Sydney: Australia’s largest city will be plunged into darkness for an hour on Saturday in an attempt at a world first blackout to raise awareness of global warming, organisers say.
A successful switch-off could then be copied by major cities around the world in a drive to reduce the greenhouse gas emissions blamed for climate change, according to international conservation group WWF.
The lights will go out in landmark headquarters buildings in Sydney’s central business district, on the iconic Harbour Bridge and Opera House, and in tens of thousands of suburban homes.
“Earth Hour”, which begins at 7:30 pm (0930 GMT) on 31 March, has been planned for 10 months by WWF in partnership with city authorities, businesses and a major newspaper group.
“We’ve been astounded at the level of support we have got,” WWF Australia communications director Andy Ridley said.
A thousand businesses have signed up, including many of the top blue-chip companies on the Australian stock market and even McDonald’s is going to turn off its “Golden Arches” signs, he said.
“The first commitment is lights off for an hour, and then as we go forward we’re looking to try and set ourselves a target of reducing emissions by 5% over the next year,” he added.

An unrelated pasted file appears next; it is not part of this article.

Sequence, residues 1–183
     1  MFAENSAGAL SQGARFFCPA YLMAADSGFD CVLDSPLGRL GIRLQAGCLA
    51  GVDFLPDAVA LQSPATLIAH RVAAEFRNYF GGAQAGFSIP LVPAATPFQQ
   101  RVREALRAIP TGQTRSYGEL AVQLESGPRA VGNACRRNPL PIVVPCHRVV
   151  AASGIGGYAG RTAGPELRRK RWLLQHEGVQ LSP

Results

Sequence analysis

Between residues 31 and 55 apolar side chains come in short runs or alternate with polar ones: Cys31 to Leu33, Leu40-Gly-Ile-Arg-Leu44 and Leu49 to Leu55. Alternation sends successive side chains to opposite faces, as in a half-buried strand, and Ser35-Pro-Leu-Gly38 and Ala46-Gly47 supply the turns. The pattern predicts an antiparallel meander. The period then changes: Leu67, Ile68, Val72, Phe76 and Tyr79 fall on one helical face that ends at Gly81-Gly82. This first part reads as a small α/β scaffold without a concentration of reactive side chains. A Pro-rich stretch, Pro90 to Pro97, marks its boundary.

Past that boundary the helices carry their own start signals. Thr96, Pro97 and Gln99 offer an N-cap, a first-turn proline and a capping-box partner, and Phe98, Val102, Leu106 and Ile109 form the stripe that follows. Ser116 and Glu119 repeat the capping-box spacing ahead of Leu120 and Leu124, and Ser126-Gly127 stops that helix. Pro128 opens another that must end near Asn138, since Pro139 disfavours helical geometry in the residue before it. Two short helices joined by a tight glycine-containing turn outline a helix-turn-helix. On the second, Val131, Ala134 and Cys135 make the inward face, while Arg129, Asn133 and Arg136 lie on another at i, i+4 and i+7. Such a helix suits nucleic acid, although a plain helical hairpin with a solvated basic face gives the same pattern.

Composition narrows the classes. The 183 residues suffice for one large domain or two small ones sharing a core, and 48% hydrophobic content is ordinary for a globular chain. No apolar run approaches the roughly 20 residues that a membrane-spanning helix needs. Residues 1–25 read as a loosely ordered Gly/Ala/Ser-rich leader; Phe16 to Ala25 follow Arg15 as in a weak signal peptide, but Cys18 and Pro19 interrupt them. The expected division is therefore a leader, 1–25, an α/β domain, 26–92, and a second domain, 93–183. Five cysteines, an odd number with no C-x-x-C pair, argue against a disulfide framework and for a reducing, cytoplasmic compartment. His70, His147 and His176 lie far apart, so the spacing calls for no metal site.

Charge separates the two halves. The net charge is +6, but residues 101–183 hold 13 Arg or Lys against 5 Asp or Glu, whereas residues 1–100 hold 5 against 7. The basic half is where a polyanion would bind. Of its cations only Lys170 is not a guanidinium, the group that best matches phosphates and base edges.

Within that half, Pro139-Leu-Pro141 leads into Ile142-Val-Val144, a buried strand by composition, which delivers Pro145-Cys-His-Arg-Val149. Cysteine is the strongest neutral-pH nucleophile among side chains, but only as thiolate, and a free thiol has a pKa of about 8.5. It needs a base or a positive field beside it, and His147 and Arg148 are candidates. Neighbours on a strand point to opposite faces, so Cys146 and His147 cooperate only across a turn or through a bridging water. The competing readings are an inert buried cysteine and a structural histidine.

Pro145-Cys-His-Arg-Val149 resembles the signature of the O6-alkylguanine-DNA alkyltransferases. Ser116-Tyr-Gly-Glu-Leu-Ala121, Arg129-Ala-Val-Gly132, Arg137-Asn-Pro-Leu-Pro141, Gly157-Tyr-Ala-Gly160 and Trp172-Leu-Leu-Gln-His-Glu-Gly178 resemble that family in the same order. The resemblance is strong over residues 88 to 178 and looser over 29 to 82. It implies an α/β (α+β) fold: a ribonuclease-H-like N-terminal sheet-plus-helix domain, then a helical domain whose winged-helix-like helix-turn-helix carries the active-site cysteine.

Scientists link dangerous global temperature increase to the greenhouse effect, in which gases emitted by burning fossil fuels to produce energy trap heat in the atmosphere.
Last month Paris conducted a similar campaign, dimming lights for five minutes in the French capital and turning off the lights of the Eiffel Tower.
The only lights deliberately left on will be those connected with public safety, such as streetlights.
Top restaurants have signed up and will serve candlelight dinner, with some meals using local produce rather than ingredients flown or shipped in from abroad.
“We’re not asking people to go and live in a cave and eat cold beans; that can’t be the way we approach the problem of global warming,” Ridley said.
“The idea is there are simple things that are putting emissions up into the air and we can do simple things to start cutting back on them but that doesn’t mean you close your restaurant.”
As for those at home who will be faced with an hour of darkness on a Saturday night, “we hope people will be catching up with their neighbours and having barbecues.
Ridley said that if successful, the Sydney blackout would be a world first.
“I think people have tried it before, but nobody has successfully done it and I don’t think anyone has tried at such a scale it it on the scale we are trying.
“If it’s as successful as we hope, we hope to take it around the world and do this in every major city we can get to join us.”
Australia, already the driest inhabited continent on earth, is expected to be particularly hard hit by global warming and has already claimed to be a world first in fighting climate change.
The government announced last month that traditional incandescent light bulbs would be phased out by 2010 in favour of the more fuel-efficient compact fluorescent bulbs.